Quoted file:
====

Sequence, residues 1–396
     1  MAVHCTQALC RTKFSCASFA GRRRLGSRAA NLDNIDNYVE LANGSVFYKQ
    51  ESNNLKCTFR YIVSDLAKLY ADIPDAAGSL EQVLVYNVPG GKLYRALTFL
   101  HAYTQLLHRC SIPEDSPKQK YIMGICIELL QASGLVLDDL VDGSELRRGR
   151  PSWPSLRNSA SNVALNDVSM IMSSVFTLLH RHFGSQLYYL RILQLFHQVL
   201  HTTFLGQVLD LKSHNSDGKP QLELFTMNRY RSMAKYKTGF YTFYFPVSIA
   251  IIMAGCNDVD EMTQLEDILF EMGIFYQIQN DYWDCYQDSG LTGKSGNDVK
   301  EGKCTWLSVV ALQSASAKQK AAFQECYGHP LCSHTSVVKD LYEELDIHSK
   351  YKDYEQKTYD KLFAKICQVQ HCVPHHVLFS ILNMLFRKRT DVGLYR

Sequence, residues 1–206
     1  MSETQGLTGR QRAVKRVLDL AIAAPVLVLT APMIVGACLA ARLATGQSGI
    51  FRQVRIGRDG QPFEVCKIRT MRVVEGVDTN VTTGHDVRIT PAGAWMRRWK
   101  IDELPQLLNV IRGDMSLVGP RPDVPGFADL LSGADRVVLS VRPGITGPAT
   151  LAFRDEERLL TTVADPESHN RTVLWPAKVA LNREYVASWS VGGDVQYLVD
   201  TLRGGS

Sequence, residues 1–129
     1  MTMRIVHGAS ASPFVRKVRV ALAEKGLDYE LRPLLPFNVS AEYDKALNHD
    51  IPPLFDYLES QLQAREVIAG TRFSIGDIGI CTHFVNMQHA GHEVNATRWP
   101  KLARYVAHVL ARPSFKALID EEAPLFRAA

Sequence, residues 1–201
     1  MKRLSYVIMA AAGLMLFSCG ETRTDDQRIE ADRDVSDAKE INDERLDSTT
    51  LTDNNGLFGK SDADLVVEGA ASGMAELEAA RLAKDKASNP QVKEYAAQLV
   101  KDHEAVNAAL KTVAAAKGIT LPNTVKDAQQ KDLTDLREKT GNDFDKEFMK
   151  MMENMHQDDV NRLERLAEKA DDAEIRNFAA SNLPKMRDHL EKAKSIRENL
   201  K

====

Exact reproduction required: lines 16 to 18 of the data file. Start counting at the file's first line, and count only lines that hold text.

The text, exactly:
Sequence, residues 1–129
     1  MTMRIVHGAS ASPFVRKVRV ALAEKGLDYE LRPLLPFNVS AEYDKALNHD
    51  IPPLFDYLES QLQAREVIAG TRFSIGDIGI CTHFVNMQHA GHEVNATRWP